Why take a tincture when you can have a tasty salad instead? While some situations call for strong doses of an infection-fighting decoction or a sedating tincture, in most cases it’s preferable to take your medicine in your food. There are a multitude of reasons for this, but we’ll cover a few here.
1) Healing with food is generally a very gentle, safe and slow way of adjusting the balance of the body. You’ll fully assimilate needed nutrition and your inner ecosystem will have the opportunity to integrate the medicine of the whole plant. Food is nourishment, and nourishment is always the foundation for vibrant health.
2) You’re much less likely to have any kind of negative reaction to the plant or experience any too sudden changes in your body, spirit or psyche.
3) The enjoyment of the texture and the taste of the plant is usually more pronounced in the context of a sensually flavored meal. It’s too easy to miss the subtleties of the herb when you’re slugging back a shot of elderberry decoction or sucking down a dropperful of chamomile tincture. Take time to savor your dandelion and watercress salad, the burdock stir fry and elderberry wine. This is great way of becoming more intimate with the herbs.
4) All foods are either medicine or poison, and sometimes the same food can be a poison to one person and a medicine to the other depending on constitution, amount and situation. Consciously adding familiar medicine to a salad or soup will help you to make mindful and healing food choices for all your meals. It will also help you to observe what foods best serve your overall health and wholeness.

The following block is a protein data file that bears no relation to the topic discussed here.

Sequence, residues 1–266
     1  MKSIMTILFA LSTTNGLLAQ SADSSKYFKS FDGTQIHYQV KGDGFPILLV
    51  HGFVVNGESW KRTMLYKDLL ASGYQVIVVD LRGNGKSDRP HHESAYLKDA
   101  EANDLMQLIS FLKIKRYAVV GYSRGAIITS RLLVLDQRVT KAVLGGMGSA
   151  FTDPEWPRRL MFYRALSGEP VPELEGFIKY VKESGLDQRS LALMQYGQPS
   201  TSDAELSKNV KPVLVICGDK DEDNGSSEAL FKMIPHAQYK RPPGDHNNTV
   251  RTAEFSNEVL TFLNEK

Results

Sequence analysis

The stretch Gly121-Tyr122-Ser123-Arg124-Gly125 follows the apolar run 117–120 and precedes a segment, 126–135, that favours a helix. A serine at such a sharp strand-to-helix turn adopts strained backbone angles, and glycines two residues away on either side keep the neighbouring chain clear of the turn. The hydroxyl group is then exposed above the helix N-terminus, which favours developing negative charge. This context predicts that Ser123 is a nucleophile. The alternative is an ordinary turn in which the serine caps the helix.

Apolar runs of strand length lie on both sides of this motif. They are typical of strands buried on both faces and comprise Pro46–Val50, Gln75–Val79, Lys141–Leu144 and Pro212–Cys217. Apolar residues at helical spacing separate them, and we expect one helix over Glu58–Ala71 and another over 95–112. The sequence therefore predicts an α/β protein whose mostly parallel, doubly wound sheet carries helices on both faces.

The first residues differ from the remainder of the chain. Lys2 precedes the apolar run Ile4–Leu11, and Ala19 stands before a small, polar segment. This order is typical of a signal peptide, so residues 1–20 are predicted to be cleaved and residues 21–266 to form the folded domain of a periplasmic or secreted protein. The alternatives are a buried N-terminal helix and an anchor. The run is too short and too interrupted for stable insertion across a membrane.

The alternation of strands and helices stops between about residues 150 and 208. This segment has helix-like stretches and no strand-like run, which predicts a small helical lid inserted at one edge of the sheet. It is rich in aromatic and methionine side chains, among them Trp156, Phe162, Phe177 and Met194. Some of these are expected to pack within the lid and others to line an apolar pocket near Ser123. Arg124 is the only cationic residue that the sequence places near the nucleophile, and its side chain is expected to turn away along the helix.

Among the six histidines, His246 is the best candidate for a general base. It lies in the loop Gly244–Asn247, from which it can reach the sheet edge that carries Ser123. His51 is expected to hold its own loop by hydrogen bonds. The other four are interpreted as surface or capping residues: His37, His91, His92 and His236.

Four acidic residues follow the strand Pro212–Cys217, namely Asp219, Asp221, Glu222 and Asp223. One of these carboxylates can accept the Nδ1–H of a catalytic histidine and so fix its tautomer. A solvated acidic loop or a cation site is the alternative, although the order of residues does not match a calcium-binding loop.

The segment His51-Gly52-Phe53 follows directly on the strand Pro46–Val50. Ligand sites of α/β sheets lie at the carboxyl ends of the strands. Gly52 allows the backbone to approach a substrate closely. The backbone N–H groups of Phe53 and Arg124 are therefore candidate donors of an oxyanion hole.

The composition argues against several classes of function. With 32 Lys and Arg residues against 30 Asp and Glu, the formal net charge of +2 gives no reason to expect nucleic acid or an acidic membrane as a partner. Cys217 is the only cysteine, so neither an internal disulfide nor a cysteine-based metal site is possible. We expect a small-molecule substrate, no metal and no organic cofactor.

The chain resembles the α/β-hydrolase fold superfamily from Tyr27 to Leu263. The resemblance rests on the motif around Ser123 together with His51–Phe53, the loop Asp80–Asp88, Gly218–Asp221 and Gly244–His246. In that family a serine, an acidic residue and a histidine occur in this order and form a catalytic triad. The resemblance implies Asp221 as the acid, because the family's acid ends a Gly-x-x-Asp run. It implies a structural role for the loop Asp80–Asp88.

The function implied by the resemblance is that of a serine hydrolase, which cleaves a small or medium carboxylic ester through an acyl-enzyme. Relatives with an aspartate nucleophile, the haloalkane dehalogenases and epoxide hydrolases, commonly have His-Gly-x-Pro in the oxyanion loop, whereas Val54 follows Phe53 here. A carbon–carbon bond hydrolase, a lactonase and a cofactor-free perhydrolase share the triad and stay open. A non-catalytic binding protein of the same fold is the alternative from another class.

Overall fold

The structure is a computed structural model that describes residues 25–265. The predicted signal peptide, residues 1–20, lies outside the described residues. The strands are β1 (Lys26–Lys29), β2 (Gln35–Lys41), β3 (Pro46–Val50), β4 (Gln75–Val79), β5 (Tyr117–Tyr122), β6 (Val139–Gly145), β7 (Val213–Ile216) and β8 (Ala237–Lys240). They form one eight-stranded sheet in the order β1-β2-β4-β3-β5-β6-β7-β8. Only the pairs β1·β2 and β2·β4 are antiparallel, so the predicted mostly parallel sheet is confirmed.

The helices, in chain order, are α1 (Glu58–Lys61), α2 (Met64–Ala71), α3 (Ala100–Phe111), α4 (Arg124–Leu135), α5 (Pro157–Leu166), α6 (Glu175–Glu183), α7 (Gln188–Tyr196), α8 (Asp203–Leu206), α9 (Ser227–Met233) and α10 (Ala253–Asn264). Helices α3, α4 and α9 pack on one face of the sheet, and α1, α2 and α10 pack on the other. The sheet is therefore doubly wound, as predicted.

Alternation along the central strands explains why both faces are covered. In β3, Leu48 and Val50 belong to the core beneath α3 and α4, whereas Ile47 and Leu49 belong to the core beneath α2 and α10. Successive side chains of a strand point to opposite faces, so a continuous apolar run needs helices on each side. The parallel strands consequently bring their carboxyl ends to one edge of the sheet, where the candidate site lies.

5) I’m a fan of honoring traditional wisdom wherever it applies. In most traditional cultures medicine was most frequently consumed as a food, from Chinese herbal soups to Ayurvedic medicinal wines to Appalachian cooked greens to just good old-fashioned chicken soup. This is the kind of medicine anyone can take: babies and elders and the bed-ridden alike, unlike stronger medicines that could easily upset the systems of such delicate individuals.
Be mindful of the effects each food has upon your state of mind and general well being. If garlic upsets your stomach or gives you hives, it doesn’t matter how healing garlic CAN be, it’s probably not what your body needs at that time. Honor basic energetic truths, if you’re already overheated and flushed, avoid dense, oily or spicy foods and try heat clearing foods like dandelion greens and kelp instead. If you constantly struggle with overly dry skin and cracked mucus membranes, focus on moist, sweet foods like sweet potatoes and asparagus.
Healing with Whole Foods by Paul Pitchford (Paul focuses on a vegetarian diet within a Chinese medicine approach to whole foods, I do not in most cases advocate a vegetarian diet, but this is a great resource for healing foods).
Full Moon Feast: Food and the Hunger for Connection by Jessica Prentice (A great traditional foods approach to sustainable foods and our individual connection to healing through foods)
The Herbwife’s Kitchen, a blog by Vermont herbalist Rebecca Hartman includes numerous great posts on using food as medicine.
This lupus case study by Paul Bergner is a great example of the amazing healing qualities of food, see his references to tonic soups.